'Made In Memphis'

- FTD CD Review -

-By Piers Beagley

‘Made In Memphis’ is the most recent FTD compilation which rounds-up those left-over outtakkes from Elvis’ recording sessions in his home-town.

As a bonus it also becomes the perfect place to release the famous home recordings of Sam Thompson.

Initially I felt sceptical about this grab-bag collection of the inclusion. Haven’t all these Memphis sessions already been pretty well-covered by previous CDs, including 4 definitive alternates of ‘In The Ghetto’ and even 3 alternates of ‘For The Heart’! The inclusion of a few too many songs from Elvis’ abortive early STAX session seemed dubious, plus there is no doubt that FTD would have to be holding back a few 1969 gems for their future ‘Elvis In Memphis’ deluxe release.

Looking back Ernst Jorgensen even told EIN 4 years ago that, "Everyone is screaming for ‘Jungle Room Sessions Vol 2’. The problem is that there will be no fast songs on it… it would have to be a very, very low-key record and there’d be quite a few takes of ‘She Thinks I Still Care’. But there are still good (unreleased) performances & we will find a way."

So reflecting on these facts & Ernst’s statement, it is surprising that this "Patch-It-Up" selection of outtakes works as well as it does. By focussing the theme onto Elvis in a thoughtful & introspective mood, FTD once again surprises one & all with a very accomplished compilation that will become a favourite.

Starting with an early, simple, arrangement of an impassioned ‘In The Ghetto’ flowing nicely through some sensational new STAX outtakes (‘Thinking About You’, ‘Find Out What’s Happening’) to the historical Jungle Room session (‘Love Coming Down’, ‘For The Heart’) there is a lovely, emotionally-involving, late-night feel to this CD.

Elvis touches our soul with ‘Do You Know Who I Am’, the loneliness & sparseness of ‘It’s Midnight’, and surprises with his sincerity on ‘She Thinks I Still Care’. The insight on Elvis’ final session nicely ends with Sam Thompson’s (famous) home-recordings which also capture the feel of Elvis emotionally recovering from all his traumas of 1973.

With almost all the "important" or "different" outtakes previously released on BMG or FTD it would be difficult to suggest that these various alternates are individually indispensable. However FTD have gathered together a clever selection and some tracks are a genuinely important addition to any Elvis collection. It is surprisingly good!

The cover features some nice candid photos (left) of Elvis in 1969, a view of the famous & long-gone ‘American Studios’, as well as the first liner notes ever on an FTD release with some thoughts from Sam Thompson. These include some nice scene-setting comments..

"We all went into the small den at the rear of the house and began talking. Elvis picked up an old 1966 Gibson acoustic 6 string guitar that he had previoulsy given to me and began to strum it. Soon he began to sing softly and after a few minutes I turned on an old cassette recorder I had in the den. Elvis was aware I was that I was taping him and he smiled and winked."

With the barrel of Elvis’ unreleased Studio recordings getting closer & closer to the bottom any Elvis fan has to be thankful for FIFTEEN brand new tracks (only 2 of which have been available on bootleg before). And all in the best audio quality so far.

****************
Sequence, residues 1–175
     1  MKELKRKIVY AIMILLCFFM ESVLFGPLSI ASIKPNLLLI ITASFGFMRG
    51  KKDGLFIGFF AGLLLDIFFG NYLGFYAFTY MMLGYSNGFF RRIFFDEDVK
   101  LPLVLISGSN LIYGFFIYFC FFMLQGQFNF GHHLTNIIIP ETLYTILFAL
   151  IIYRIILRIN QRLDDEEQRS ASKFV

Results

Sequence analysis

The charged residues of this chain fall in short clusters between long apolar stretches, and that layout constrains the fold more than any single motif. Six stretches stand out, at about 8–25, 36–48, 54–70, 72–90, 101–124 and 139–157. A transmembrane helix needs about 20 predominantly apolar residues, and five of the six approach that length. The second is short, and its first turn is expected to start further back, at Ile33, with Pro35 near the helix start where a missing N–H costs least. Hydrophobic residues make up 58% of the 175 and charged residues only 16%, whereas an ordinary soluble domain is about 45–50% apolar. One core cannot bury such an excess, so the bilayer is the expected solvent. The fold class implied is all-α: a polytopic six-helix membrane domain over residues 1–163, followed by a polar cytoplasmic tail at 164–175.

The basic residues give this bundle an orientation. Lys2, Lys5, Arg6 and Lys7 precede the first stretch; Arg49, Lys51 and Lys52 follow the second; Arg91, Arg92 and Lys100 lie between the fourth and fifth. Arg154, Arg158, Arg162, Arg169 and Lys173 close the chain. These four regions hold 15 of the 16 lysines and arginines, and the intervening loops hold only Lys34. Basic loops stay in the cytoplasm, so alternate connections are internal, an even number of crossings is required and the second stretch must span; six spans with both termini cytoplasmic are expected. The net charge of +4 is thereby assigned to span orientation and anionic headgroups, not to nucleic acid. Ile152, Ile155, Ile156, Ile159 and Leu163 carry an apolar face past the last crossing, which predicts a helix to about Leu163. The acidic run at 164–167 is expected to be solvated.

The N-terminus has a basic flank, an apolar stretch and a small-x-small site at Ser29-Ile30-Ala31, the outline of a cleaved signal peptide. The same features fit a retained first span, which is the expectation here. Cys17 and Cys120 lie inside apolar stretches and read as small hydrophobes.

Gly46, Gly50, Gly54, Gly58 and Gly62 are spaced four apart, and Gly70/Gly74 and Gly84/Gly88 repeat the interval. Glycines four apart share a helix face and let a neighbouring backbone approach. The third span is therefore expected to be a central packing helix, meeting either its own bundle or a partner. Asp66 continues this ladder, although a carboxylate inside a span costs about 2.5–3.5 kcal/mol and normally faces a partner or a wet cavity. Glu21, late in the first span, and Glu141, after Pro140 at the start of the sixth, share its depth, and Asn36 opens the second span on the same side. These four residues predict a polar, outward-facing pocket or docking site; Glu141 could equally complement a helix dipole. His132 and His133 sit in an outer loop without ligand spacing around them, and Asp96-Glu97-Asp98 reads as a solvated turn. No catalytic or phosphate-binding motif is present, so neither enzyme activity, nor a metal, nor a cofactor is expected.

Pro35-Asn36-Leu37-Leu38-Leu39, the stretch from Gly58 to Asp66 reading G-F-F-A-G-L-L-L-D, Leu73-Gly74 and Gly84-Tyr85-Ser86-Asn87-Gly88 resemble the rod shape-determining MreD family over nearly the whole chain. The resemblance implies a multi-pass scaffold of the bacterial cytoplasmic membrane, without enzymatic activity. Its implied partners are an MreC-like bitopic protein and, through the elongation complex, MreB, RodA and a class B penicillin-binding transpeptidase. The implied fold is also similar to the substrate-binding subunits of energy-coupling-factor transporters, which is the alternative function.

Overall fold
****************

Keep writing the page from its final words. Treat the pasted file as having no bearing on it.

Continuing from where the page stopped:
In 1976 Elvis sang..
"There was a man, a lonely man,
Who lost his love, through his indifference
A heart that cared, that went unshared
Until it died within his silence.
And solitaire is the only game in town
And every road that takes him, takes him down"

This FTD is an interesting look at Elvis in his last emotional decade. If you spend sometime examining this journey, you’ll find it well worth the visit.

Looking Closer at the outtakes.

‘In The Ghetto’ Tk 13 – There could never be a bad version of this all-important song. While take 11 has always been my favourite (Memphis Sessions) this is also delightful. The tempo is slightly faster than Take 11 but this has a shorter fade-out. Elvis also takes the lyrics at a faster pace at times. Check out Elvis’ phrasing of "a hungry young man" - and at the end the organ is more prominent in the mix.

‘You'll Think of Me’ Tk 8 – I have always loved this uncharacteristic Elvis song. While I prefer the more prominent sitar mix featured on Takes 16 & 14 (Memphis Sessions) this is still a nice addition. I think that the slower Take 14, where Elvis hangs more onto the lyrics, better suits the "warm & loving bed" theme. This version was previously on the ‘Finding The Way Home’ bootleg but that was in mono and this stereo mix is glorious.

‘Do You Know Who I Am’ Tk 4 – This is with the bonus of two false starts. Elvis comments, "Yeah, It’s too slow now I think". Another heart-breaking song where the echo plus string-overdubs of the original did no favour to Elvis’ emotional vocal. This is much slower than the first take and surprisingly with an even simpler arrangement. Beautiful & sincere, listen to the emotional crack of Elvis’ voice singing, "It’s so dark in this place, that I can’t see your face, Can we leave?" @ 1:10. There’s also a fascinating ending where Elvis starts singing the bass-line. Elvis rightly comments, "You’re going to save that last take aren’t you?" An important new addition to your collection and better than the Master.